Mikaela Mayer advances to finals of Olympic boxing trials
Reporting from Airway Heights, Wash. -- Apparently Cinderella isn’t ready to leave the ball.
Fighting for the fifth time in as many days, a bloody and worn Mikaela Mayer hung on for a victory, defeating N’yteeyah Sherman by a point at the women’s U.S. Olympic boxing trials Friday, setting up a final-round rematch Saturday with pre-tournament favorite Queen Underwood of Seattle.
At stake is the chance to make history by representing the U.S. in the first Olympic boxing tournament for women in London this summer.
“Everybody’s dream, it’s almost come true for me,” said Mayer, a 21-year-old from Los Angeles.
And like most dreams, this one has had parts that have been a little hard to believe. Like Mayer, with no margin for error, fighting her way through the losers’ bracket here by winning three consecutive elimination bouts. Or Mayer, her nose bloodied during a wild first round, executing the strategy of trainer Al Mitchell perfectly by circling away from Sherman’s powerful right hand for the rest of the fight.
“When you get in front of her, she’s very strong. So the game plan was to stay to the right and just fight her jab and not fight her right [hand],” Mayer said of Sherman, a 19-year-old from Ohio who dominated Mayer when the two met at the Police Athletic League tournament last October.
Sherman also counter-punches very well, rarely giving Mayer an opening. So by the third round Mayer, though even on the scorecards, looked tentative and unsure.
Inside, however, she said she was neither, winning the round easily and giving her a lead to protect in the final two minutes.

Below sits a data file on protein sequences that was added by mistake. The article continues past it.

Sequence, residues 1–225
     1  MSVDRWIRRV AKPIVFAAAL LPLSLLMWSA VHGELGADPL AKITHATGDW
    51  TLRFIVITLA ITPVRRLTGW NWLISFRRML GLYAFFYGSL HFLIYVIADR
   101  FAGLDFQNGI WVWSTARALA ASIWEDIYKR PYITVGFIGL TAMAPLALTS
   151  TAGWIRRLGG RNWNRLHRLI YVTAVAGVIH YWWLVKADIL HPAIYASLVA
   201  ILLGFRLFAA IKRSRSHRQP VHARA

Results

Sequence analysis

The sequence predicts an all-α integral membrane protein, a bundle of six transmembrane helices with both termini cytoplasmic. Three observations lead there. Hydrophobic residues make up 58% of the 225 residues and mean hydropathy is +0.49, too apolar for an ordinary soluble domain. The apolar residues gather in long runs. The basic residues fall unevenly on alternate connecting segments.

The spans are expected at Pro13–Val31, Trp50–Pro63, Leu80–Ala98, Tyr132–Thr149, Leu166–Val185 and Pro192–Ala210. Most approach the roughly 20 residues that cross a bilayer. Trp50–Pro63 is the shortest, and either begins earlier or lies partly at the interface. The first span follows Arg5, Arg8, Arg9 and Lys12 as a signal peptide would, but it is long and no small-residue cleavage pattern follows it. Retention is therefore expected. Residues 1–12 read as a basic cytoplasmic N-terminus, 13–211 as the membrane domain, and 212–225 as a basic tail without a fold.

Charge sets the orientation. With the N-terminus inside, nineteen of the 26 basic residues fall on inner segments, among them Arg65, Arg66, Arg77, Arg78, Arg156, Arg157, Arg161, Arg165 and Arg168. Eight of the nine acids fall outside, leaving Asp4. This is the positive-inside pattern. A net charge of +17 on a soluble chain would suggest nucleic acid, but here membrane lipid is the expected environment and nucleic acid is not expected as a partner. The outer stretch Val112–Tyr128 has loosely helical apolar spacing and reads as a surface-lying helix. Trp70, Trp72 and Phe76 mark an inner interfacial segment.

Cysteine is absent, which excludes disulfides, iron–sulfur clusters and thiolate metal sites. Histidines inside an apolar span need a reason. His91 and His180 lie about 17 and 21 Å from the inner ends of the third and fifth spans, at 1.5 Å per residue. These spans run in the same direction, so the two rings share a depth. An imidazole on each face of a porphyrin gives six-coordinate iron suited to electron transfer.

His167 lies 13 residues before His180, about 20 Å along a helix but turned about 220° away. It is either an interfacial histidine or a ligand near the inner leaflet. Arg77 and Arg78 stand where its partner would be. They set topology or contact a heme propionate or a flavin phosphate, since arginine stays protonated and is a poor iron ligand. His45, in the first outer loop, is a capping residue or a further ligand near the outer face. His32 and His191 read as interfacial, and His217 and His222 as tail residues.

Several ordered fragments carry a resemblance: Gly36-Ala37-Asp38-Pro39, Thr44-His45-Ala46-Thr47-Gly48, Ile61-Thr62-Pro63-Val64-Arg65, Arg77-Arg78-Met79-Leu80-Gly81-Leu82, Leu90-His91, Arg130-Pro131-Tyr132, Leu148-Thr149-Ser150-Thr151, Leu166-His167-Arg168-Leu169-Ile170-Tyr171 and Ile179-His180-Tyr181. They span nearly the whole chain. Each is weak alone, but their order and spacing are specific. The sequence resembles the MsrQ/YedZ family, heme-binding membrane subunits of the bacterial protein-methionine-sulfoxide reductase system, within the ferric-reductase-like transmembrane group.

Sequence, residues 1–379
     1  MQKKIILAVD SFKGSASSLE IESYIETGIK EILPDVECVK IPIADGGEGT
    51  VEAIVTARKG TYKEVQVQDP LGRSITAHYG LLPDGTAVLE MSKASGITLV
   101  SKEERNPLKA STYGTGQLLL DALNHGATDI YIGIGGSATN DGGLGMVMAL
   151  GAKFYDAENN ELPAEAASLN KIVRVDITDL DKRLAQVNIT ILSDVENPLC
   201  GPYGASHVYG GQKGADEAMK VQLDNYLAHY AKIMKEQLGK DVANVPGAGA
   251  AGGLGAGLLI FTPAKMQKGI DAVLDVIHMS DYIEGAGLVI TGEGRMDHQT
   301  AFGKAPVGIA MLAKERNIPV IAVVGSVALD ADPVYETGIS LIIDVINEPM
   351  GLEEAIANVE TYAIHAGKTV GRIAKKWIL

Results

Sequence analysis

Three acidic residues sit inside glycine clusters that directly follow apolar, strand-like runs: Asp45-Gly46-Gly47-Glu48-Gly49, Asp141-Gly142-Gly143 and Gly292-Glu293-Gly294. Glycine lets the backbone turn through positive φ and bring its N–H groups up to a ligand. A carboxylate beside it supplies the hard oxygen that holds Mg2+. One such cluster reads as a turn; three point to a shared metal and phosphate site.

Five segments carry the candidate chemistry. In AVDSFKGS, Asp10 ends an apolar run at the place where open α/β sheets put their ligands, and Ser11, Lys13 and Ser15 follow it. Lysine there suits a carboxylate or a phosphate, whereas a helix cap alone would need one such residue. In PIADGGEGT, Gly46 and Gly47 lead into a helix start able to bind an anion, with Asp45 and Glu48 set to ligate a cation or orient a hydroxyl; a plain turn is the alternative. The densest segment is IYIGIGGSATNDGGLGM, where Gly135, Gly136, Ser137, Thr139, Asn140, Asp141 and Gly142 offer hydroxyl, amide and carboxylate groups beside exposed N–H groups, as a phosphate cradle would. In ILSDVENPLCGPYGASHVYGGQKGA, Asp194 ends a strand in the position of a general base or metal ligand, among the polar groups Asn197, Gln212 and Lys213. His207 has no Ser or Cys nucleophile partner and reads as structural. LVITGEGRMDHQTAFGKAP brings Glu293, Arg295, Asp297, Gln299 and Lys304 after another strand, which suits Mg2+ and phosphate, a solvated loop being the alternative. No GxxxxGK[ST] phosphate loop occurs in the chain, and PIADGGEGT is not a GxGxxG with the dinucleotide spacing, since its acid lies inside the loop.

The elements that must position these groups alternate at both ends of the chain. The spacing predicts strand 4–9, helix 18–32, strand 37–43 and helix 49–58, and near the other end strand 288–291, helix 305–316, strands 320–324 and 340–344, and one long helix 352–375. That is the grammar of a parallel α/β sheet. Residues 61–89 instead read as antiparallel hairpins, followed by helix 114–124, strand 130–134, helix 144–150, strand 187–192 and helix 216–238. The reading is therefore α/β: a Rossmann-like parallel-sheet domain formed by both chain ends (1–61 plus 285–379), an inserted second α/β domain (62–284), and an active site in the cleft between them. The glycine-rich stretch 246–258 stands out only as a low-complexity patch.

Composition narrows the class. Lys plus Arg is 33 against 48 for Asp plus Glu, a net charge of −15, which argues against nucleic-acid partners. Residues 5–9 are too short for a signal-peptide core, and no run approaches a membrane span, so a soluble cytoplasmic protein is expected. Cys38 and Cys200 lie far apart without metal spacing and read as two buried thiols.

“I was actually confident it was going to go my way. But I knew it was going to be close,” she said. “You know amateur boxing. It could go either way. But I was pretty confident that I did enough in the last round.”
Just barely, with Sherman winning that round but Mayer winning the fight, 26-25.
Whether she has enough left to do it again Saturday is still to be determined. Mayer has never fought this many times in a week and Friday she admitted fatigue was becoming a factor.
The night before she said she applied both ice and heat to her aching body, hydrated and tried to rest. What she didn’t do was wash her blue boxing shorts and singlet, something she hasn’t done all week.
She may have no choice this time, though, since the shoulder straps were covered with blood after Friday’s fight.
“That’s the first time I’ve had a bloody nose in a long time,” said Mayer, who admitted she isn’t superstitious about washing the luck out of her uniform -- especially not when it’s sporting her own blood. That’s not exactly a confidence-booster for a boxer.
“I think I’m going to clean it,” she confessed.
Underwood, meanwhile, was resting Friday. A five-time national champion, she rolled unbeaten through the winner’s bracket, fighting only three times --including a win over Mayer in her second bout here.
Plus, given the tournament’s double-elimination format, Underwood can lose Saturday and still qualify for the world championships by beating Mayer the next night. The top eight boxers at the world championships will qualify for the London Games.
Mayer hardly sounds like a fighter with her back to the wall, though. After all, she’s never lost consecutive fights to the same woman -- a fact she took comfort in Friday.
“I take my losses very seriously and I learn a lot from each loss,” she said. “I think that’s because I really go back and I study what I did wrong and I make sure I don’t make the same mistake twice.”
Also advancing to the final round was flyweight Tyrieshia Douglas of Baltimore, who beat New York’s Christina Cruz, 22-14, and middleweight Tika Hemingway of Pittsburgh, who routed San Francisco’s Raquel Miller, 21-6.
Douglas will fight six-time national champion Marlen Esparza on Saturday needing a win to force a winner-take-all fight Sunday for the 112-pound title. Hemingway needs a similar result against unbeaten teenager Claressa Shields at 165 pounds.
Get our high school sports newsletter
Prep Rally is devoted to the SoCal high school sports experience, bringing you scores, stories and a behind-the-scenes look at what makes prep sports so popular.
You may occasionally receive promotional content from the Los Angeles Times.